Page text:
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The Old BoysThe Decline and Rise of the Public School$
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David Turner

Print publication date: 2015

Print ISBN-13: 9780300189926

Published to Yale Scholarship Online: September 2015

DOI: 10.12987/yale/9780300189926.001.0001

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‘The Monastic System is Getting on My Nerves.’ 1870–1902

‘The Monastic System is Getting on My Nerves.’ 1870–1902

Chapter:
(p.134) Chapter Five ‘The Monastic System is Getting on My Nerves.’ 1870–1902
Source:
The Old Boys
Author(s):

David Turner

Publisher:
Yale University Press
DOI:10.12987/yale/9780300189926.003.0005

This chapter describes the British public school system from 1870 to 1902. By 1901, public schools had begun training pupils for traditional upper-class careers in the army, with training beginning to reach a high standard. Outside the military classes, the curriculum was also broader and more likely to be taught well. In reward for these reforms, the public school movement as a whole was thriving—with tens of thousands of pupils attending, instead of the few thousand of only a century before. Many of these pupils were girls, at institutions which shared at least some characteristics with their brothers' schools. There were, however, still weaknesses. Compared with grammar schools, the public schools were often weak in science. Boys were often bullied at both boarding and day schools. The reform of the public schools was also half-finished.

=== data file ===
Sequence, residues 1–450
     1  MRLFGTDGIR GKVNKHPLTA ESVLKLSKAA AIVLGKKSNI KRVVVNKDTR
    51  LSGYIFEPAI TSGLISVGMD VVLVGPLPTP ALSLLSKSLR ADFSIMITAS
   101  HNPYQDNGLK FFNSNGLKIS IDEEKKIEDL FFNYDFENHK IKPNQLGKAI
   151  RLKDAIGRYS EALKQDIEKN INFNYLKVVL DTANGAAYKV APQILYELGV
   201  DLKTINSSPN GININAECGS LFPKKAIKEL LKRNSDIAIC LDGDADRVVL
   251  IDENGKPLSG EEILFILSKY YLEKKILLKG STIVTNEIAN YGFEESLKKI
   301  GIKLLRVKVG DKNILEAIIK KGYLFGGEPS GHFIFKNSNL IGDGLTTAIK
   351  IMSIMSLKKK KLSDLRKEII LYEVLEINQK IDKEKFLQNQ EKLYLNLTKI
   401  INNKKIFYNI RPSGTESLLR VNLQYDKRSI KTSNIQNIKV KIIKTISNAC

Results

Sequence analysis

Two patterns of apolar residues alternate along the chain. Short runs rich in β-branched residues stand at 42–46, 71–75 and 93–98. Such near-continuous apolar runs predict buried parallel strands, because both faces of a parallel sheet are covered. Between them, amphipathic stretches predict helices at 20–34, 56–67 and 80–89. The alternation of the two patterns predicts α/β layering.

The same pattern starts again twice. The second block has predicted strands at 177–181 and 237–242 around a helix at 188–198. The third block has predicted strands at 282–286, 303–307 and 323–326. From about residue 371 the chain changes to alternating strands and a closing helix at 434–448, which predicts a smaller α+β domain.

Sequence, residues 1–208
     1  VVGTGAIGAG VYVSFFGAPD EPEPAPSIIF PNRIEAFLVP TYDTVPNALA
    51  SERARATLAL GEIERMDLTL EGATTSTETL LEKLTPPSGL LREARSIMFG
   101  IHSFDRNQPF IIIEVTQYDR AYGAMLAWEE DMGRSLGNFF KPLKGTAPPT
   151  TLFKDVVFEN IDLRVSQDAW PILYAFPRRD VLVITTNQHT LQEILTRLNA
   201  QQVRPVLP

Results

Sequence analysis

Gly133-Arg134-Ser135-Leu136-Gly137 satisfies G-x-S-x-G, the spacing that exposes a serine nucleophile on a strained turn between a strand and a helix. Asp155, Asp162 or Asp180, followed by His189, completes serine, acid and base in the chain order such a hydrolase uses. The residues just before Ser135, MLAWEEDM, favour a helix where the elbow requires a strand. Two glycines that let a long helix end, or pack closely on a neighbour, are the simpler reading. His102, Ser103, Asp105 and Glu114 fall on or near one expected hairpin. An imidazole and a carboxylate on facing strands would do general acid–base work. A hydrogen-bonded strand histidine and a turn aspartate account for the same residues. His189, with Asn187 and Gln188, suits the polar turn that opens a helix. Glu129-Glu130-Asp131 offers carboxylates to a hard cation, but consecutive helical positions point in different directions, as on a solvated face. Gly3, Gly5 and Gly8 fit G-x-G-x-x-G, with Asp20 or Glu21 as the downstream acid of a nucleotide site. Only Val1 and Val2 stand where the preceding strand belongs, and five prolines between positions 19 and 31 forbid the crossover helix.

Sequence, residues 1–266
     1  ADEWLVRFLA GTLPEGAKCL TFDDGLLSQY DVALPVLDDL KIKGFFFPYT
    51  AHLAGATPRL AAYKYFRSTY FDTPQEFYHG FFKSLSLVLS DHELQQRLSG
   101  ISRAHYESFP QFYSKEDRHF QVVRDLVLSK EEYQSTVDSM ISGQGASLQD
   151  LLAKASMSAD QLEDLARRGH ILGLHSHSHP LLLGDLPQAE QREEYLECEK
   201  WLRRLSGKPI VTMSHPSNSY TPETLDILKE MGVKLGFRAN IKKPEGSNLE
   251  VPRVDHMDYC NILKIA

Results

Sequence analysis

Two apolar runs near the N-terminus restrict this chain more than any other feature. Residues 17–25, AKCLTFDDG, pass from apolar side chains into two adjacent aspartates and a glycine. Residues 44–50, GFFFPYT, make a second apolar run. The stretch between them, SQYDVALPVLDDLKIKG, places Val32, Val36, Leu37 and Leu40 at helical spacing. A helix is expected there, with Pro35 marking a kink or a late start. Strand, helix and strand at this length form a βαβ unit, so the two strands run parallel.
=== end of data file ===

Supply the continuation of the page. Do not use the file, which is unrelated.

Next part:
Keywords:   British public schools, public school education, educational reform, school reform, day schools, grammar schools, bullying

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